August 2016: JPEN. Journal of Parenteral and Enteral Nutrition
Eric A Sparks, Faraz A Khan, Jeremy G Fisher, Brenna S Fullerton, Amber Hall, Bram P Raphael, Christopher Duggan, Biren P Modi, Tom Jaksic
PURPOSE: Necrotizing enterocolitis (NEC) remains one of the most common underlying diagnoses of short bowel syndrome (SBS) in children. The relationship between the etiology of SBS and ultimate enteral autonomy has not been well studied. This investigation sought to evaluate the rate of achievement of enteral autonomy in SBS patients with and without NEC. METHODS: Following IRB approval, 109 patients (2002-2014) at a multidisciplinary intestinal rehabilitation program were reviewed...
January 2016: Journal of Pediatric Surgery
Mariela Dore, Paloma Triana Junco, Ane M Andres, Alba Sánchez-Galán, Maria Virginia Amesty, Esther Ramos, Gerardo Prieto, Francisco Hernandez, Manuel Lopez Santamaria
Intestinal failure (IF) requires a multidisciplinary management based on nutritional support, surgical and medical rehabilitation, and transplantation. The aim of this study is to review our experience with surgical rehabilitation techniques (SRTs: enteroplasty, Bianchi, Serial Transverse Enteroplasty Procedure [STEP]) in patients with short bowel syndrome (SBS) and poor prognosis due to complex abdominal pathology. We performed a single-center retrospective study of patients with IF evaluated for intestinal transplantation in the Intestinal Rehabilitation Unit who underwent an SRT...
February 2016: European Journal of Pediatric Surgery
Catherine J Goodhue, Natalie E Demeter, Rita V Burke, Khadija T Toor, Jeffrey S Upperman, Russell J Merritt
BACKGROUND: Children with special healthcare needs are a vulnerable population in disasters. Special-needs families tend to be less prepared for a disaster than the general public. The purpose of this pilot project was to examine the disaster preparedness levels of families in an intestinal rehabilitation (IR) clinic. MATERIALS AND METHODS: We administered an anonymous survey to a convenience sample of IR clinic families and conducted 2 focus groups. Descriptive analyses were used for survey data; Atlas...
April 2016: Nutrition in Clinical Practice
Claire McNiven, Noah Switzer, Melisssa Wood, Rabin Persad, Marie Hancock, Sarah Forgie, Bryan J Dicken
PURPOSE: The intestinal failure (IF) population is dependent upon central venous catheters (CVC) to maintain minimal energy requirements for growth. Central venous catheter infections (CVCI) are frequent and an independent predictor of intestinal failure associated liver disease. A common complication in children with long-term CVC is the risk of line breakage. Given the often-limited usable vascular access sites in this population, it has been the standard of practice to perform repair of the broken line...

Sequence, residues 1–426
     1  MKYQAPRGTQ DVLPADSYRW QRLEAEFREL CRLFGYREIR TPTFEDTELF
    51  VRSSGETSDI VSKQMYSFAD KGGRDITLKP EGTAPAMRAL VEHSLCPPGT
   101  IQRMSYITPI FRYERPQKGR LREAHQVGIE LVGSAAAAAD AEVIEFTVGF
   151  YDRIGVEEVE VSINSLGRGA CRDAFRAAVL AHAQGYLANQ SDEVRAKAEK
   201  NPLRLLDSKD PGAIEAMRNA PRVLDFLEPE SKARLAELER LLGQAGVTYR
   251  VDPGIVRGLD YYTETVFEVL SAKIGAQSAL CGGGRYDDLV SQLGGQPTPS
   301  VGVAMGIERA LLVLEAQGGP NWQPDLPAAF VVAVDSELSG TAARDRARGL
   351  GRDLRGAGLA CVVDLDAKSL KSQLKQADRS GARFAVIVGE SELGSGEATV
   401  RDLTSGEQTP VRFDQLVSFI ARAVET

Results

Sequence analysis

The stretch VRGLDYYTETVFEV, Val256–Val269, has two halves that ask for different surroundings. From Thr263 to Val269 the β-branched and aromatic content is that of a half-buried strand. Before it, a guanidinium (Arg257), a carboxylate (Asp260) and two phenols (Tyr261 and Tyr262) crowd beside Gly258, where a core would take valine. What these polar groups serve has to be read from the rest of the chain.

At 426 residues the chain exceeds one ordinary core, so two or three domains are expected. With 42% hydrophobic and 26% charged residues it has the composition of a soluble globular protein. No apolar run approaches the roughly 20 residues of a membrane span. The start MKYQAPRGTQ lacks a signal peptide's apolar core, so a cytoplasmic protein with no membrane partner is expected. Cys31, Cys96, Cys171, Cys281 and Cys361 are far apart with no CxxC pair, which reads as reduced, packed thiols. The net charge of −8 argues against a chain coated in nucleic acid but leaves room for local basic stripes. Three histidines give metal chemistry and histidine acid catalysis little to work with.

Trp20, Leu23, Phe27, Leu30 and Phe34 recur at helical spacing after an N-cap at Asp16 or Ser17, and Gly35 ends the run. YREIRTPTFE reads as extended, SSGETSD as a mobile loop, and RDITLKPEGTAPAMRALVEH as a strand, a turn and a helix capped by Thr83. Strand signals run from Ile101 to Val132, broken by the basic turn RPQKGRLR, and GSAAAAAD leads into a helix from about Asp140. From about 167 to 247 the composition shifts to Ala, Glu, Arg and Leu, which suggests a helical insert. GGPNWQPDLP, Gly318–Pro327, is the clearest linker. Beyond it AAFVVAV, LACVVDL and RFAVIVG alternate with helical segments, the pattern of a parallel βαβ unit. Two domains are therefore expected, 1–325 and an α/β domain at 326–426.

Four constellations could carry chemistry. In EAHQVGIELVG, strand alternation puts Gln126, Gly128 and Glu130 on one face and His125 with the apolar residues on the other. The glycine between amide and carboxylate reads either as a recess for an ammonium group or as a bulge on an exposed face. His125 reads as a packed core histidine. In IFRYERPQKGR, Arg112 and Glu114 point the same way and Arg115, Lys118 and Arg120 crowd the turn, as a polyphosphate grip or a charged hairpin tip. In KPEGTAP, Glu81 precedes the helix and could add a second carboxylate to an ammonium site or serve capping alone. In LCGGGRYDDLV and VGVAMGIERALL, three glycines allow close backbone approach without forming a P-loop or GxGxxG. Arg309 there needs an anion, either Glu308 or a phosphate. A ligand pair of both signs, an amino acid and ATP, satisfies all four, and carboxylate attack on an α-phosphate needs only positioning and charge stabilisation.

March 2016: Journal of Pediatric Surgery
W Kong, J Wang, X Ni, Y Li, Q Mao, D Yao, S Fan, Y Chen, Z Cai, J Li
BACKGROUND: Short bowel syndrome (SBS) patients need long-term parenteral nutrition or intestine transplantation. With the development of medicine, society, and economy over the past decade, characteristics of these patients might have undergone some changes. To study the issue, we conducted this retrospective study. METHODS: A retrospective study was conducted from January 1, 2004, to January 1, 2014, in an intestinal rehabilitation and transplant center. A total of 335 SBS patients were hospitalized at our center...
July 2015: Transplantation Proceedings
Zev H Davidovics, Beth A Carter, Ruth Ann Luna, Emily B Hollister, Robert J Shulman, James Versalovic
BACKGROUND: Changes in the intestinal microbiome of patients with short bowel syndrome (SBS) are thought to significantly affect clinical outcome. These changes may not only delay enteral diet advancement but may also predispose patients to bacterial translocation, bacteremia, and liver disease. Patients with SBS are thought to be more susceptible to changes in gut microbial communities due to intestinal dysmotility and/or lack of anatomic safeguards such as the ileocecal valve. MATERIALS AND METHODS: We analyzed the bacterial composition of 21 fecal specimens from 9 children with SBS and 8 healthy children ages 4 months to 8 years by 16S ribosomal RNA gene sequencing...
June 9, 2015: JPEN. Journal of Parenteral and Enteral Nutrition
Bram P Raphael, Paul D Mitchell, Darryl Finkton, Hongyu Jiang, Tom Jaksic, Christopher Duggan
OBJECTIVES: To describe the natural history of growth patterns and nutritional support in a cohort of infants with short bowel syndrome (SBS), and to characterize risk factors for suboptimal growth. STUDY DESIGN: A retrospective chart review of 51 infants with SBS followed by our intestinal rehabilitation program. Weight and length data were converted to age, sex, and gestational age-standardized weight-for-age z-scores (WAZ) and length-for-age z-scores (LAZ). RESULTS: Median (IQR) age at enrollment was 8...
July 2015: Journal of Pediatrics